Seniors have stories to tell, values to instill as well as lessons to pass on – and Rebecca Robinson is listening.
The Semiahmoo grad, who now lives in Guelph, Ont., has fused her passion for writing and photography to create a video biography company that immortalizes the thoughts and lives of seniors for family members to cherish for generations.
Called Silverscenes Productions, the service offers a number of ways to preserve priceless memories, from house tours that document rooms and recollections in family homes to ‘how we met’ videos that show couples recounting their time together.
Clients can also host their own recipe show to put old family recipes on the record; recite a Christmas story to send to distant grandchildren; or create a personal travel segment that chronicles various places one has lived or visited.
But for Robinson, 35, seniors’ life stories are her focus.
“That’s where my passion lies,” she said, noting that hearing seniors’ stories has given her perspective on her own life.
“It’s really to show seniors how their stories are valued and valuable, and change the way they’re being remembered, and preserve these things that are going to disappear.”
In a life-story movie, Robinson transforms the recounting of one’s history into a personal documentary.
The process includes interviewing and filming subjects before editing material into a 15- or 30-minute DVD complete with pictures and music.
The skills she draws upon to produce the tributes are ones she has picked up along the way, beginning when she lived in White Rock.
Robinson had her first taste of interviewing when she was still in high school, working as Peace Arch News’ Street Talk reporter, a gig she landed after volunteering in the newsroom during her Grade 11 year.
Her role entailed stopping people on the street for their responses to the PAN’s question of the day, and taking their photos.
Robinson further developed her interviewing skills while obtaining a creative-writing degree at UBC. She was assigned to profile various personalities, one of the most memorable being Bard on the Beach artistic director Christopher Gaze.
“That fascinated me and got me to think about when I was doing those Street Talk interviews and how much I liked that.”
Unable to pin down what she was truly passionate about, Robinson became a teacher, moving with her husband from B.C. to Alberta, then finally settling in Guelph five years ago.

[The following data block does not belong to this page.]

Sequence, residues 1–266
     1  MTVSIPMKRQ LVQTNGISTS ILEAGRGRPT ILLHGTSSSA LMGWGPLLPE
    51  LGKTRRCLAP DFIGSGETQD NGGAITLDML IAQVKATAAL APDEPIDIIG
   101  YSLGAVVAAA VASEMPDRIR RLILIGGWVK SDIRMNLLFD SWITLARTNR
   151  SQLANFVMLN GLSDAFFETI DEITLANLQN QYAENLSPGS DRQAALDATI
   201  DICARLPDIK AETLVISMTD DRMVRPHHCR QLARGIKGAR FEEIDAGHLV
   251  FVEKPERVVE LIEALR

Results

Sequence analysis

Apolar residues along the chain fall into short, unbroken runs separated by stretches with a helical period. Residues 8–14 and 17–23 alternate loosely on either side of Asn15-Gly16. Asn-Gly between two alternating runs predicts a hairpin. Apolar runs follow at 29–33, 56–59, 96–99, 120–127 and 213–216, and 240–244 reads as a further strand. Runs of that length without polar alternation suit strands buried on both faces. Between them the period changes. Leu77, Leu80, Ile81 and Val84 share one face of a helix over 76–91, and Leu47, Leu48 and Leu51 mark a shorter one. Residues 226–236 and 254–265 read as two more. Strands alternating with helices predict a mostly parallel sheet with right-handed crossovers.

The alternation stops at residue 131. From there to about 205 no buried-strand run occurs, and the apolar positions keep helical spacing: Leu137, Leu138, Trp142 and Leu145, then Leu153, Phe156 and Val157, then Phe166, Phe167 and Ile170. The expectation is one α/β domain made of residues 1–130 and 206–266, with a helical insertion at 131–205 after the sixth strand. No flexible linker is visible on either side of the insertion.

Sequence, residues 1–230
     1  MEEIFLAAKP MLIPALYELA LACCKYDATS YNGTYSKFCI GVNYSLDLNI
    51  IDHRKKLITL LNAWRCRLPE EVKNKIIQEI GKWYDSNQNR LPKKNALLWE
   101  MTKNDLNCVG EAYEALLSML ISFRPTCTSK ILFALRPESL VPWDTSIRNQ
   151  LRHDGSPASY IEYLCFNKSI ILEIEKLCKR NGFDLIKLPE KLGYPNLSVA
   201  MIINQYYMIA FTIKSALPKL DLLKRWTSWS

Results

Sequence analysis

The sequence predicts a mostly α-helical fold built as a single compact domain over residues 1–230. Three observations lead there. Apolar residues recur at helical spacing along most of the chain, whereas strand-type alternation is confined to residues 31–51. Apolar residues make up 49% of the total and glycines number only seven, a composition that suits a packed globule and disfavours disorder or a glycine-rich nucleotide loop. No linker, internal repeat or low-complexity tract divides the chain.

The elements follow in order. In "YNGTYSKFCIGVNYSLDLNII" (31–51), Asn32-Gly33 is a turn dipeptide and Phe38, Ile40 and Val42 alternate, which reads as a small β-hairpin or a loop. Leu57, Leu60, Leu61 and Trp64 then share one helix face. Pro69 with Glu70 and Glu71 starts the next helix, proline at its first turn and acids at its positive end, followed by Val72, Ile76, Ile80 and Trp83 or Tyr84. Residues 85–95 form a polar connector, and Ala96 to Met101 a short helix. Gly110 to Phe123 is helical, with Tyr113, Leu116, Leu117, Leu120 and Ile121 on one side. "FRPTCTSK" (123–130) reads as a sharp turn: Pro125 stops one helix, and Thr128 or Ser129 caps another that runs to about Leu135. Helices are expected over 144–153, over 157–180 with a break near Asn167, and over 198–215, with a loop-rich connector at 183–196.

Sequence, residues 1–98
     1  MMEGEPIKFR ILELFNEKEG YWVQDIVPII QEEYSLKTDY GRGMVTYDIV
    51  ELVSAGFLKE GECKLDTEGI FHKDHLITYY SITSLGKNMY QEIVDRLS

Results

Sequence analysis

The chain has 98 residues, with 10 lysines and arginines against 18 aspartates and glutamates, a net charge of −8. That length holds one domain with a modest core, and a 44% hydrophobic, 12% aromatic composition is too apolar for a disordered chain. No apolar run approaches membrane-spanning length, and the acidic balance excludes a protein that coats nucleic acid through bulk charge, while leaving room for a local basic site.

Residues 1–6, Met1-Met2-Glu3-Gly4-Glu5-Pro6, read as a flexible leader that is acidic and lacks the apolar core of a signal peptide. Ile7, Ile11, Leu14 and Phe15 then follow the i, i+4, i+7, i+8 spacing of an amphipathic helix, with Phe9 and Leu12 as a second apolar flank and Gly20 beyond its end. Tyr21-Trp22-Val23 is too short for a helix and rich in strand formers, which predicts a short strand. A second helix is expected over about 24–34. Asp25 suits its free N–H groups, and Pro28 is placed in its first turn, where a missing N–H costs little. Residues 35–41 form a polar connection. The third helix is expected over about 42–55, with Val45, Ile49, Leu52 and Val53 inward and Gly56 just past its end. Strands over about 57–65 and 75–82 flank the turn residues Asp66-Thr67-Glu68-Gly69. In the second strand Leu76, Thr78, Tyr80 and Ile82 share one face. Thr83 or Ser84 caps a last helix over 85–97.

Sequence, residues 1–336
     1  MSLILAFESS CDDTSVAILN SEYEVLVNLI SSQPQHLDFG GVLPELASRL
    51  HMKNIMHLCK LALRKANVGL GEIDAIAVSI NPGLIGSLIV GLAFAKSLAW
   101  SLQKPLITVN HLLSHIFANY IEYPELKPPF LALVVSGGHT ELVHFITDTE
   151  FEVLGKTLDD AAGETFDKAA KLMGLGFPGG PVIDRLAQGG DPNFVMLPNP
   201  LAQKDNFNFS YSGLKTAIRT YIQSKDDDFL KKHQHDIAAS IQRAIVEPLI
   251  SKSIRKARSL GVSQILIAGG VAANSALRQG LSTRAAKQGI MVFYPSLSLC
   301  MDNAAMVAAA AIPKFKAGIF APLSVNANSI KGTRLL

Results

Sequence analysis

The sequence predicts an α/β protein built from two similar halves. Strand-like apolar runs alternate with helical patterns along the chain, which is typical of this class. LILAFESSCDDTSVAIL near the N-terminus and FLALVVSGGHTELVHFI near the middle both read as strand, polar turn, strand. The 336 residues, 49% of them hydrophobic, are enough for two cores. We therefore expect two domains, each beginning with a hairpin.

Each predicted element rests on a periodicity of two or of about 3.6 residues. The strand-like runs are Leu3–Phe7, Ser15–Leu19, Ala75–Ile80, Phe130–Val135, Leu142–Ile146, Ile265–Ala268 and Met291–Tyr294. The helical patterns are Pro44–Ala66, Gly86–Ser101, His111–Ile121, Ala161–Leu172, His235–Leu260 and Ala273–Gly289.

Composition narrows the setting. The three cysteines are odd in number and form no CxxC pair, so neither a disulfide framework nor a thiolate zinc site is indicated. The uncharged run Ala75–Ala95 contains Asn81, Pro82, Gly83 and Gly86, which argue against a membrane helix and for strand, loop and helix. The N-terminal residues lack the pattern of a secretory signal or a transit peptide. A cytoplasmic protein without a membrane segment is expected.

While homeschooling her three young children, Robinson began to think about her next move.
“I wanted to start something for myself because I knew I wasn’t going to go back into teaching and I knew it had to be flexible.”
While Silverscenes – which she launched last month – has allowed her to combine her love for photography, interviewing and storytelling, Robinson said she had to learn a new medium, too.
She researched and taught herself the elements of film, and has spent the last month practising with editing software.
Robinson also connected with the Association of Personal Historians – she is now the Eastern Canada co-ordinator – which has about 600 members, most of whom capture people’s stories in the book format.
“I haven’t found that the way I do it is widely done yet,” she said, adding her goal in using video is to reach youth.
“Doing it with multimedia and the use of technology, I think that’s what’s going to get them rather than passing them a big book and saying ‘Here’s grandma’s history – read it.’”
Clients can also leave a lasting legacy through “ethical wills,” in which one records his or her values, beliefs and wisdom.
Robinson made one with her mother-in-law, who passed on the importance of love, courage and humour.
“My son, the way he has memorized her values word-for-word – he can recite them – I’ve never seen a kid do that,” she said.
“It was a grandma speaking those words more to her grandchildren, so those grandchildren perk up and basically they’re absorbing what’s being said to them because it’s being said by someone in their family.”
Robinson said her 18-month-old daughter, who only sees her grandmother twice a year, rushes to the TV when she hears the DVD playing.
“She barely knows her and now she knows her from this film,” Robinson said, noting her daughter would often make strange when grandma visited.
“Now she’s going to recognize her voice right away and recognize her face, and the connection will be easier.”
Not only is a DVD more readily absorbed by youth, she said, but it is also easier to distribute, as it can be uploaded online for family all over the globe to view. Robinson is now working to get seniors onboard with the concept.
“The stumbling block is they’re so humble that they don’t want to be the centre of attention anymore,” she said. “It’s the subjects’ families that are probably more my target market.”
Robinson said she will pack up her equipment and fly to meet clients who live outside Guelph.
Alternatively, long-distance clients can choose a do-it-yourself option and use Silverscene’s interview, filming and lighting tips to record their own footage before sending it to Robinson to piece together.
Whatever option one chooses, Robinson said the movie she creates will be unlike any in a family’s collection.
“(I’m) trying to make any sort of statement in my films – I am just trying to meet the needs of the family and have their stories captured forever.”